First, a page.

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Center Point fills unique role in education
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Center Point’s mission isn’t intended to turn out preachers, but it happens as a happy by-product to some of the students who take released-time courses in religion.

Whit Martin is an example. He began taking courses at the center on Elephant Trail across from Gainesville High School as a sophomore and took everything he could. "I was called when I was 16," and it contributed directly to his decision to pursue the ministry, he said.

Martin said he was able to ask questions about his own faith and learn about other world religions. He found answers to different questions that he couldn’t find anyplace else. He was encouraged to talk with others and to God about religion.

Yet, "Center Point was never about indoctrination ... it was very open, a safe place to learn," he said.

Martin, son of Greta and Wesley Martin, grew up in First United Methodist Church, one of Center Point’s sponsors. He graduated from Gainesville High School in 2000, attended two Christian schools and is about halfway through Asbury Theological Seminary’s master of divinity program while serving as associate pastor of Redwine United Methodist Church in Hall County.

Center Point began four decades ago as a place where students could earn high school credits for courses in religion off the public school campus. Thousands of students have attended over the years, said David Smith, executive director.

But its role in the community has expanded. In 1985, director Joyce Hayes, Gainesville High principal Curtis Segars and the Rev. Steve Brown collaborated to form Adolescent and Family Counseling Services, which two years later began receiving funds from United Way. The emphasis was on education and prevention, and involved other schools in the county.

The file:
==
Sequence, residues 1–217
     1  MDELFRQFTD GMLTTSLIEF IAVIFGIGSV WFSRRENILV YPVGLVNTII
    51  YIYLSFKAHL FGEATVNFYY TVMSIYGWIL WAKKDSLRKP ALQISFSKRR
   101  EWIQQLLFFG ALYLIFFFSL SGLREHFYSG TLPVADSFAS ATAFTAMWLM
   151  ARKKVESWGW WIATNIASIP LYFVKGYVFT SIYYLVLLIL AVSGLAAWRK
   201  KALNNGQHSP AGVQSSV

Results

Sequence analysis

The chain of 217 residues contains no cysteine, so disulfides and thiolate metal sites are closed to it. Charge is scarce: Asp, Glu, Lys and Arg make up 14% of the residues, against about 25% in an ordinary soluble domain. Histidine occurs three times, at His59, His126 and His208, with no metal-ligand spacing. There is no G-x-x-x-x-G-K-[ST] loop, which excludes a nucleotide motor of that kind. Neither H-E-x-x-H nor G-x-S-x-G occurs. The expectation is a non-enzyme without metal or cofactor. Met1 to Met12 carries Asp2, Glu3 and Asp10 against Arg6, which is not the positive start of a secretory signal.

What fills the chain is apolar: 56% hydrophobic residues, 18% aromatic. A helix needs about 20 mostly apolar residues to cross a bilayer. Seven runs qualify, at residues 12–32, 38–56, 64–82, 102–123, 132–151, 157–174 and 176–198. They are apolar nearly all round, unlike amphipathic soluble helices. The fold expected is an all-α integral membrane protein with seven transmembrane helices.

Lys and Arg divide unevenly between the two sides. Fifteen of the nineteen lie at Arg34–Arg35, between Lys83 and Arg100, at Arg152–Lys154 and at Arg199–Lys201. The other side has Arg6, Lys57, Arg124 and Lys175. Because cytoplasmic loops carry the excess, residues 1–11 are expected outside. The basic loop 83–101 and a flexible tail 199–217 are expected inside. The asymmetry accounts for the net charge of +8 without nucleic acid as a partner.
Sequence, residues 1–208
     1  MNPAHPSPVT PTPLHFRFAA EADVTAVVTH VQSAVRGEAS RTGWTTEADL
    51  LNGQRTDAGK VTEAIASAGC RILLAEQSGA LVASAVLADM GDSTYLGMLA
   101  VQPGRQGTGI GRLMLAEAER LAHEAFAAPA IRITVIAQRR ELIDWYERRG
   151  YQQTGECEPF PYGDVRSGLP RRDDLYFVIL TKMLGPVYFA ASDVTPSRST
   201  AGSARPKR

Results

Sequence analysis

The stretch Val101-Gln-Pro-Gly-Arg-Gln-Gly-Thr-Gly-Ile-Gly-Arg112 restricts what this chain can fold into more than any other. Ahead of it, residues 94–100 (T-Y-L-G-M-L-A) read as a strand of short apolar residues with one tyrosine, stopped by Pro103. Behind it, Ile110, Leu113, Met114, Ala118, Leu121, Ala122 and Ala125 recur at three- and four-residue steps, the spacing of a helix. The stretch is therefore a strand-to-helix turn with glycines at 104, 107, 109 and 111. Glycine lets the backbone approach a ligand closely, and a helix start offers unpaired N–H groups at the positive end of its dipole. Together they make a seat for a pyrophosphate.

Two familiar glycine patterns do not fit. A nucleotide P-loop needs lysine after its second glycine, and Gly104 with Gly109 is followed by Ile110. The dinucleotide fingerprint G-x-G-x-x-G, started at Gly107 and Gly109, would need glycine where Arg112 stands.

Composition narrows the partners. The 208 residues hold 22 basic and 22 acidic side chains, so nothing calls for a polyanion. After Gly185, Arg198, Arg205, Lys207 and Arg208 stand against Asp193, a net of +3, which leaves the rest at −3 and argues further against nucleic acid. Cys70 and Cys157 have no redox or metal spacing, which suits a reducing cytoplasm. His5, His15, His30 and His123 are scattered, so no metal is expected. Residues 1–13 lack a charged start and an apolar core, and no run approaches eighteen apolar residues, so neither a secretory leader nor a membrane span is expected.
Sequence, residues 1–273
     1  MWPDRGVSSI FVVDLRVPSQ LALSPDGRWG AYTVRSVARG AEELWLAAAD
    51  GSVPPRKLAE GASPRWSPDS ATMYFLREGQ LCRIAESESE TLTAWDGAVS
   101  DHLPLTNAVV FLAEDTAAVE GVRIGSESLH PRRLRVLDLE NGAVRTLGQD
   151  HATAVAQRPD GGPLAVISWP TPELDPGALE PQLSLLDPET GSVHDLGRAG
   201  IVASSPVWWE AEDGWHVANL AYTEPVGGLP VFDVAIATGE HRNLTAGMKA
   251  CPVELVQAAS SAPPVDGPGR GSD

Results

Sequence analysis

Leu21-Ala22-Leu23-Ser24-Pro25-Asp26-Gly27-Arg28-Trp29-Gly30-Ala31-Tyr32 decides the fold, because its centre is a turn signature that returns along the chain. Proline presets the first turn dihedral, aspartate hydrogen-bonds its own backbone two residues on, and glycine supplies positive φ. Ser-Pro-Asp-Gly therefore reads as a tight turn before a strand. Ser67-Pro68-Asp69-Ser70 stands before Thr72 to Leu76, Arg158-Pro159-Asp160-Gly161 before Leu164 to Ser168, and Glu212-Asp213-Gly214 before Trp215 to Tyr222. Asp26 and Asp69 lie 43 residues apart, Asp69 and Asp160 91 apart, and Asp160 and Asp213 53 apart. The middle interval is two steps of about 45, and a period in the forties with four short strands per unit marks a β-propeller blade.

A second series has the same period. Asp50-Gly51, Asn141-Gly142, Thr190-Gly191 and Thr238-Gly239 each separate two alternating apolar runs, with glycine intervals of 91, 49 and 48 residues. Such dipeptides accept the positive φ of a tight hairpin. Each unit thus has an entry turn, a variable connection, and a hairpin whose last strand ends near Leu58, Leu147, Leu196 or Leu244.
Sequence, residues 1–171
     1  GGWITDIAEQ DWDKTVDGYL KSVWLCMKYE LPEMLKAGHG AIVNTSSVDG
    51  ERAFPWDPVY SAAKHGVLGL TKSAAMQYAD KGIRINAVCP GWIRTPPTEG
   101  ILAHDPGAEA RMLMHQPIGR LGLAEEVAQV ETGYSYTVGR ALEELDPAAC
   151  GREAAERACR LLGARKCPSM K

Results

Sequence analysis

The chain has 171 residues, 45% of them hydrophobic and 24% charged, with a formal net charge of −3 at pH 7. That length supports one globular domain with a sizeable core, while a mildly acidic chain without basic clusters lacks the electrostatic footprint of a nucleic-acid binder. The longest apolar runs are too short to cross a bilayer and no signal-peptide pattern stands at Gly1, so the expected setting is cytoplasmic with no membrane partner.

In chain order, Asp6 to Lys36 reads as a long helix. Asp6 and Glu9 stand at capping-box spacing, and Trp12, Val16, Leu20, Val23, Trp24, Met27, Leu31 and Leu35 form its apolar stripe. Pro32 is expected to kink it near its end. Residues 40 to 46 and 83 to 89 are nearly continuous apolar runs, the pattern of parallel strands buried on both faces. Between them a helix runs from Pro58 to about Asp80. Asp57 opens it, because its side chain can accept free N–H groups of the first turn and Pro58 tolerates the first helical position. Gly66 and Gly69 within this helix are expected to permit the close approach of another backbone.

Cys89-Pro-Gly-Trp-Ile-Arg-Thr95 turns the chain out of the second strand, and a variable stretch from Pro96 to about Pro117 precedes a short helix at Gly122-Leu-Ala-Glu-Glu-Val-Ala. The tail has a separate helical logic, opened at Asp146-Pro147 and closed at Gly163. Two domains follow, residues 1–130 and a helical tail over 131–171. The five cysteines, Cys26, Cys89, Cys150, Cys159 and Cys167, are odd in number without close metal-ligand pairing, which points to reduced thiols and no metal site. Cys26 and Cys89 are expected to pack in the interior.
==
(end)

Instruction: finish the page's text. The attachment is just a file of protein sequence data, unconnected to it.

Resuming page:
In 1994, Gainesville schools’ Chuck McDonald suggested the center apply for a United Way priority needs grant to establish a mentoring program, and the Greater Hall County Mentor Program today is in its 15th year. In 2001, the center broke off its Building Greater Kids initiative, and the next year all the programs were folded into the umbrella organization, now called Center Point.

But its pioneer program, which began as the Christian Education Center, remains as popular as ever with three classes a day and 20-25 students per class. In addition, students can take Center Point classes via computer online for credit.

The expanded role resulted in an expanded building and an expanded staff, six full-time, four part-time and seven master’s-level interns. The budget runs about $450,000 with funds coming from individual donors, United Way, client fees, grants and the sponsoring churches and other agencies.

From the original four church sponsors, First Presbyterian, Grace Episcopal, St. Paul United Methodist on Washington Street and First United Methodist, other churches have contributed. They include Antioch United Methodist, Chestnut Mountain Presbyterian, Pine Crest Baptist, First Baptist on Green Street and St. Michael Catholic.

Other supporting agencies and organizations include the city of Gainesville, the district health agency, city and county schools, Hall County Asset Initiative, Jackson EMC, Junior League, Prevention Services and Programs, Department of Behavioral Health and Developmental Disabilities, United Way and Twenty to Life Sunday School Class.

The success of the mentoring program has resulted in a constant need for more mentors, especially men, Smith said. When the program began, Center Point set a goal of 40 mentors for 40 students in schools all over Hall County. It ended up with 80, and last year 564 students were in the program.

School counselors praise the program, some saying they don’t know what they would do without Center Point’s mentors.

Other community programs have evolved from Center Point, Smith said, citing Teen Pregnancy Prevention as an example. "We’re heavy on prevention; we look at more than one aspect (of a student) ... we’re looking at the general health and well-being of our children," he said.

Personally, he said, "Nothing has been quite so fulfilling. I asked the Lord to put me on the front lines, and He did. It’s been the greatest blessing."

Johnny Vardeman is retired editor of The Times and can be reached at 2183 Pinetree Circle N.E., Gainesville, GA 30501. His column appears Sundays and on